Noe Valley Voice November 2002

Florence's Family Album:
A Mother for Peace

By Florence Holub

Voice writer emeritus Florence Holub wrote this column almost 12 years ago (for our February 1991 issue), a few weeks after President George Bush had launched the Gulf War. Last month, Florence, now 84, once again found herself making peace signs and marching in a national protest, this time against a new mobilization for war by our current president, George W. Bush.

My mother was carrying me during World War I, and I was born with a faint brown birthmark on my neck resembling the map of the United States--and I love this country. But I remember the horrors of World War II, Korea, and Vietnam, especially Vietnam, for it was in the 1960s that San Franciscans began to speak out in unison against war.

The first peace march began with only about 50 young people, and increased over the years to hundreds and then thousands of nonviolent protesters. One year, Kezar Stadium in Golden Gate Park was completely filled to hear Coretta Scott King, on the same day that her husband Martin Luther King Jr. spoke to an immense gathering in Washington, D.C. When we honor his birthday, we also honor the cause he led for justice and nonviolence.

I fondly remember the "Summer of Love," and all of those beautiful young "flower children," with their long hair, peace buttons, beads, colorful clothing, and sandals or bare feet.

One day, our middle-aged neighbor, Ted Kley, who was dressed in a business suit, happened upon a "love-in" at Dolores Park. He was so enchanted by the spectacle--the dancing and the music--that he sat down on the grass and took off his shoes and socks to be a part of it. It was contagious.

My man Leo caught the bug, too. Early one Saturday, he went over to Geary Street to pick up some photography supplies, an errand that should have taken him about an hour. When he failed to arrive home by dinnertime, I got ready to call the police. Then he appeared, smiling from ear to ear. It so happened that as he was driving through Golden Gate Park, he'd noticed a large, happy gathering in a meadow, and decided to take his camera and check it out. Leo found a joyous assortment of picnickers listening to music by the Grateful Dead. He got pictures of Pigpen and some Hells Angels in a kindly mood, and discovered some old friends who invited him to share their spread of bread, cheese, and wine. A group of young people were dancing and singing "Give Peace a Chance." Thanks to all of them and those who joined in the protests, the long Vietnam War finally came to an end.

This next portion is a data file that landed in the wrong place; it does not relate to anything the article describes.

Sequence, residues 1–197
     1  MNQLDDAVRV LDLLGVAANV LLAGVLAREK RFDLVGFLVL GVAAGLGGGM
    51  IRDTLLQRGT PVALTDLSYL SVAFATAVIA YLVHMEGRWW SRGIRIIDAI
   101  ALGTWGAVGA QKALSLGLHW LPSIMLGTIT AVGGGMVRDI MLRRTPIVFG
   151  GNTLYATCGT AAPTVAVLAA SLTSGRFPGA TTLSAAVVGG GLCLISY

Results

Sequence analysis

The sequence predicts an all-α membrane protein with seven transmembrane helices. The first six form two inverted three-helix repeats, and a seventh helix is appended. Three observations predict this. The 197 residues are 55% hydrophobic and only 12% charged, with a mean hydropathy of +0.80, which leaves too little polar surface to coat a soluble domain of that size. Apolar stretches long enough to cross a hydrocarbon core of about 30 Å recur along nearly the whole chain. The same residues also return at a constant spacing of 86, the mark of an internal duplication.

Twenty years later, we are at war, and the peace marchers have begun again. On the morning after the bombing of Iraq [the first American air strikes began Jan. 17, 1991], I put on my hiking boots and arrived at the Federal Building to demonstrate my apprehension, carrying my hastily made sign depicting the peace symbol (as I remembered it) superimposed over our little blue planet Earth. I circled the building, holding my sign high, until a young protest monitor left her post and hurried over to inform me that I had the wrong sign for peace. Instead of three lines pointing downward, I had drawn two, which is the logo for the Mercedes-Benz automobile! I remedied my mistake on the spot, and continued on.

There were 1,000 participants at that rally, chanting and singing antiwar songs. They included people of all ages and races--mothers, Quakers, federal employees, and even one "Pinolean for Peace." (It took me a while to figure that one out: Pinole is a little town north of Richmond.) Participating in this event was personally uplifting, and for me, a positive gesture for peace.

Riding home in the J-car, we passed Everett Middle School, heard the voices of children singing, and saw a heartwarming sight: a group of school children standing on the stairs holding handmade signs, with flowers and messages that said, "Peace, No War."

The Saturday march on Jan. 19 began at Dolores Park, with Noe Valley well represented, wouldn't you know! The entire day was nonviolent, and had a festive spirit, like an old-fashioned Fourth of July, with a happy blending of the many diverse segments that make up America the beautiful. There were 100,000 marchers in all--teachers, union workers, musicians, Gray Panthers, Asian-Americans, Latinos, Catholics, Jews, gays, the handicapped in wheelchairs, and babies in strollers.

And there were thousands of banners and signs ("It's Not Who's Right, It's Who's Left," "What If Kuwait's Main Export Was Broccoli," etc.). There was also a bit of derisive chanting: "Send Bush, Send Quayle, Send Neil Bush When He Gets Out of Jail!" The sentiment "We Support the Troops--Bring Them Back Alive" was right on. But the most memorable sign, for me, was Gandhi's statement: "An eye for an eye makes the whole world blind."

We support our fighting men, but we cannot support our leaders' war policy. Sincere negotiation seems like a more civilized undertaking, and in my opinion they should let the mothers in the countries involved do it. We would all start talking about our children--their welfare and their future--and the war would be over.